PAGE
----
One of the highlights of this year's Philadelphia Film Festival came in the form of Tom Tykwer and the Wachowski's epic sci-fi adventure Cloud Atlas. Based on David Mitchell's award winning book of the same name, Cloud Atlas attempts to interconnect the entire past, present and future of human civilizations by weaving together multiple stories that span over six different centuries. In doing so, the trio of directors inherently offer a somewhat jumbled mess of concepts and ideas. But what a beautiful mess it is.
The best way to describe Cloud Atlas is to parallel it to a puzzle box. You see this complete and beautiful "big picture" that is pristine in every way imaginable. Each color delightfully complementing the other and the idea so flawlessly captured, it's just ... perfect. But similar to the movie, you open the box and the perfection is broken up into pieces scattered everywhere. Each of these pieces waiting patiently for you to put them in their proper order, waiting to serve their purpose to the bigger picture. Cloud Atlas is an enormous six-movies-in-one journey, it's a puzzle. And for that reason, Cloud Atlas deserves every tiniest bit of your viewing attention. I firmly believe that it's a story so grandiose that it's virtually impossible to dissect and piece together the puzzle in only one viewing. And also for that reason, it not only becomes one of the most polarizing films in recent memory, but Cloud Atlas becomes a cine-phile's dream project. One that I proudly accept. You can be assured that I plan on watching the remarkable two hour and 43 minute journey many times in my future.
As creatively profound and visually groundbreaking as Cloud Atlas is, the film is by all accounts mightily flawed. But sometimes blemishes can give off a large sense of character, and that holds true with this feature. I recall leaving the theatre somewhat perplexed by what transpired on screen and thinking to myself "there was no emotional punch, there was no shining moment". And for a film of this magnitude, that type of impact is essential. For this reason alone, Cloud Atlas becomes an understandably displeasing adventure for much of its audience. However, lack of comprehension often leads to massive disappointment in all different kinds of art forms. I tried my hardest to look past this glaring fault and to place my focus solely on Tykwer and the Wachowski's message of an interconnected history of humanity. Recollecting the film in this light, I can honestly say that Cloud Atlas is one of the most fascinating movies I have ever had the pleasure of seeing.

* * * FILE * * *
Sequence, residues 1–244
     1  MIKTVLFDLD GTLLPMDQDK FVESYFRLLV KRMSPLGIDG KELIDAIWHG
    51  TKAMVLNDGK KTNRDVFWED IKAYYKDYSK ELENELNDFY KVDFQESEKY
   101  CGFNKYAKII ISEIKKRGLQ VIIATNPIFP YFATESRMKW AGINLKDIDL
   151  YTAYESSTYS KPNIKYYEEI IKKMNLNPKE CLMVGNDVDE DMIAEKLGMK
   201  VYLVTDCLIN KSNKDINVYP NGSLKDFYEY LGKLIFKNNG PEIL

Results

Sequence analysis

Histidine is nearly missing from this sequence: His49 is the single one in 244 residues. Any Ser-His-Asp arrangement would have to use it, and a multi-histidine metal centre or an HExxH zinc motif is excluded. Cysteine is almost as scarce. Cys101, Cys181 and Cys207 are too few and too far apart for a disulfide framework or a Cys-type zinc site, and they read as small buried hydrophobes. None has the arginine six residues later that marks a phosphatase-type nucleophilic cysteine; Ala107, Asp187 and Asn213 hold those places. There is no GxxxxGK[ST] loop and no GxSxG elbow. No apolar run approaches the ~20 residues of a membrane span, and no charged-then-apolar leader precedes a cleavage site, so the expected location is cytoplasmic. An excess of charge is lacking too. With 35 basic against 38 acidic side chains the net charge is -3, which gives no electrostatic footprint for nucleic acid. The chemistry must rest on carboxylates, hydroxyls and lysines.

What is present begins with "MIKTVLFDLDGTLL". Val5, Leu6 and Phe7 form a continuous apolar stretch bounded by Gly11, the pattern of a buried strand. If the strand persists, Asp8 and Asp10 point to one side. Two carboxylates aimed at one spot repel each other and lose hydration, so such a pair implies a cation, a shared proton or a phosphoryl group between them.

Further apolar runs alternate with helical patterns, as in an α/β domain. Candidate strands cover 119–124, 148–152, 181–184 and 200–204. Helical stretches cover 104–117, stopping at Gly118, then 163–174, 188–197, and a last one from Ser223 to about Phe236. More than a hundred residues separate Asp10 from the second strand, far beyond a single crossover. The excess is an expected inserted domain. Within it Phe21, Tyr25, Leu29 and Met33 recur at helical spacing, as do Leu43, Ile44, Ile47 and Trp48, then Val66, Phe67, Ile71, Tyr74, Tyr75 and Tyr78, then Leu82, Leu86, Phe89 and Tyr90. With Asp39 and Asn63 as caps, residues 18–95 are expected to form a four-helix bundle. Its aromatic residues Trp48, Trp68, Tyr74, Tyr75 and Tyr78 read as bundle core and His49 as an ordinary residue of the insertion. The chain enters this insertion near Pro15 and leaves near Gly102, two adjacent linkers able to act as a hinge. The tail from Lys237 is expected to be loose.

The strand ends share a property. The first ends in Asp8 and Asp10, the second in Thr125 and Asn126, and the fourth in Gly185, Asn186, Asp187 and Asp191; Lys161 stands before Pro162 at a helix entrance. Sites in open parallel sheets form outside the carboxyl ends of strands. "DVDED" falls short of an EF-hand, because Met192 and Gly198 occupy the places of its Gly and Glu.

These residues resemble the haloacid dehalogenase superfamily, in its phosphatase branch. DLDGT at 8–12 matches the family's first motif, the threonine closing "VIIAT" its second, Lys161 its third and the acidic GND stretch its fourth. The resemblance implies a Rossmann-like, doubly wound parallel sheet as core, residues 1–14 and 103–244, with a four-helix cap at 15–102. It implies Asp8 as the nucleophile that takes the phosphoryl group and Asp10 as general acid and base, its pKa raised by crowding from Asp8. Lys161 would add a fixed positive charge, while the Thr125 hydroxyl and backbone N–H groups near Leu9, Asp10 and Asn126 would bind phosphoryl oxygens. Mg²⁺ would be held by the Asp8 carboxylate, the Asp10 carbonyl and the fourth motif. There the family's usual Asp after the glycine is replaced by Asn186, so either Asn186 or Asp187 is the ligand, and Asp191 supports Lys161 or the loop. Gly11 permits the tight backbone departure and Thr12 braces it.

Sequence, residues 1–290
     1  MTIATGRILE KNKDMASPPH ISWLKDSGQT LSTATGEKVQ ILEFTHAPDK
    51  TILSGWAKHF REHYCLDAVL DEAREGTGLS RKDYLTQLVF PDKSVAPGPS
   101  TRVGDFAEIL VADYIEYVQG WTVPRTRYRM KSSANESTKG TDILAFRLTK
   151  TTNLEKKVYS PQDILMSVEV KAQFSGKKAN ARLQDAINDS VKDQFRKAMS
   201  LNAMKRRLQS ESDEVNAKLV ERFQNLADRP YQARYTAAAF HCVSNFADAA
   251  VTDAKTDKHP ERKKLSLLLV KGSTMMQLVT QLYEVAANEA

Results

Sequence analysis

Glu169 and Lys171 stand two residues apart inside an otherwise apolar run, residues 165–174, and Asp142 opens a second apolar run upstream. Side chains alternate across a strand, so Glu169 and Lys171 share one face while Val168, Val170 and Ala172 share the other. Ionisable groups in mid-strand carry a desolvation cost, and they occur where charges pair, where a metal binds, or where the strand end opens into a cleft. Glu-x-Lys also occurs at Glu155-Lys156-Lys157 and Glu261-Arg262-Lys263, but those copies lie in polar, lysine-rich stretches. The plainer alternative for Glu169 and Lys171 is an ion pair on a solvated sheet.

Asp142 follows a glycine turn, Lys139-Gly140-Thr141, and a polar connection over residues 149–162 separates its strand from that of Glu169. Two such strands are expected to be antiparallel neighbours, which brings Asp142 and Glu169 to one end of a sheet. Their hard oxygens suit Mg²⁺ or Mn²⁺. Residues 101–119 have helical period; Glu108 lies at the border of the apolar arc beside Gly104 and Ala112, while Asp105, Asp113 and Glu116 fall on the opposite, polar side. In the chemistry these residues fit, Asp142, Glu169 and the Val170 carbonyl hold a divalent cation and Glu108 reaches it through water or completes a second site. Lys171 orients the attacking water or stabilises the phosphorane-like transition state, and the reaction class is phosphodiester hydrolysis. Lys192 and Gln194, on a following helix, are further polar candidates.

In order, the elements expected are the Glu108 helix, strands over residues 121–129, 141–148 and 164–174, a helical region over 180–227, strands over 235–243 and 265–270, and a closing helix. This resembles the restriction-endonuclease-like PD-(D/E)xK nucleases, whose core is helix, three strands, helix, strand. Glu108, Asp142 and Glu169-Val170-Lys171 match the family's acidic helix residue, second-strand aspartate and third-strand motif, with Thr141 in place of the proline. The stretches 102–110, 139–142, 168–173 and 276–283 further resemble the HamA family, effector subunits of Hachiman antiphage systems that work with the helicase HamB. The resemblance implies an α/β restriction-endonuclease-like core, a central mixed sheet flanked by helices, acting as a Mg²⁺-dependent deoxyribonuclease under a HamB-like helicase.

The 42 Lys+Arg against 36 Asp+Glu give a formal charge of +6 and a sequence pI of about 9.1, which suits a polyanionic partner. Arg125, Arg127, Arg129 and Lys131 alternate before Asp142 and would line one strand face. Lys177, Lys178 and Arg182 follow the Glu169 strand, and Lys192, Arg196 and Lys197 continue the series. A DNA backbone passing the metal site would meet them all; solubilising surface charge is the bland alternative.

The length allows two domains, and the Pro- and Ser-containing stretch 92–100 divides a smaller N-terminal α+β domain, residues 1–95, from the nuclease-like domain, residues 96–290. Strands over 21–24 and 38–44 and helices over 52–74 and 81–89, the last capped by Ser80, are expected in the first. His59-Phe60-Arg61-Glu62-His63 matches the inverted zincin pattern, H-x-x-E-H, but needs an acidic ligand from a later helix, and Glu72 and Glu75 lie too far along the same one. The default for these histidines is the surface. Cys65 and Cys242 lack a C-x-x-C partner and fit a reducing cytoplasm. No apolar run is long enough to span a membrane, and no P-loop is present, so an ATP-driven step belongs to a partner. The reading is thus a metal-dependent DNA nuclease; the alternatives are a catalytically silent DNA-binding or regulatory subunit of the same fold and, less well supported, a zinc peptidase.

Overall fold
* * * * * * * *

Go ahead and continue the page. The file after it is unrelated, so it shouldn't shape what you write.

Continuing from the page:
To truly appreciate the entirety of Cloud Atlas, you must first be consumed by each of its stories on their own. The film does a remarkable job of giving an absorbent amount of life to all of the different stories and making them feel extremely unique and disjoint, yet so entwined to a larger agenda. And while none of the feature's long list of stars particularly stand out (except the underrated Jim Broadbent), Cloud Atlas and its numerous plot lines still serve their purpose and prove to be quite effective. Not only do the stories leave enough clues to unravel the mystery behind Cloud Atlas, they're exceptionally entertaining and they help you to ease your way through the lengthy sounding duration.
Trapped inside of Cloud Atlas is a beautiful picture waiting to be pieced together. With the appropriate amount of time and effort, it can be. Be warned, Cloud Atlas is definitely not a movie for everyone. It requires all of a viewer's attention and it demands a level of focus and thought that far exceeds the average Hollywood release. Therefore, we should both love and hate Tom Tykwer and the Wachowski's for this ambitious piece of work. If you're up for the challenge, there's plenty of greatness hiding inside of Cloud Atlas. If not, please move along.